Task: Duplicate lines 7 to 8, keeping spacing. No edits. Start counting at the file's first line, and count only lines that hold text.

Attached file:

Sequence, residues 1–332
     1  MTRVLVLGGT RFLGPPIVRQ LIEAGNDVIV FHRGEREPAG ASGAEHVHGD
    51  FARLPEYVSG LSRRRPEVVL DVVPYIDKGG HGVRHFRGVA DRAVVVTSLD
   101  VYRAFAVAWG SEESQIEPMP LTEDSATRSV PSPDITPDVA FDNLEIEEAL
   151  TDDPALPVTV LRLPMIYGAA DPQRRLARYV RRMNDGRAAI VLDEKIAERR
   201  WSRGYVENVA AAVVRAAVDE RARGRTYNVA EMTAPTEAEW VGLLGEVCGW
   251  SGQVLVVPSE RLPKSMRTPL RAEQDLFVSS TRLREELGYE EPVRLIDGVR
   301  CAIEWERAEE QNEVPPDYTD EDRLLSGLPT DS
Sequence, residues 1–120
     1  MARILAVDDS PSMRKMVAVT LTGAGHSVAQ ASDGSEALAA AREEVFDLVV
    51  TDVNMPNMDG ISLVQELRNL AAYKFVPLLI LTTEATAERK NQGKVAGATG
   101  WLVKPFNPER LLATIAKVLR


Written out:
   251  SGQVLVVPSE RLPKSMRTPL RAEQDLFVSS TRLREELGYE EPVRLIDGVR
   301  CAIEWERAEE QNEVPPDYTD EDRLLSGLPT DS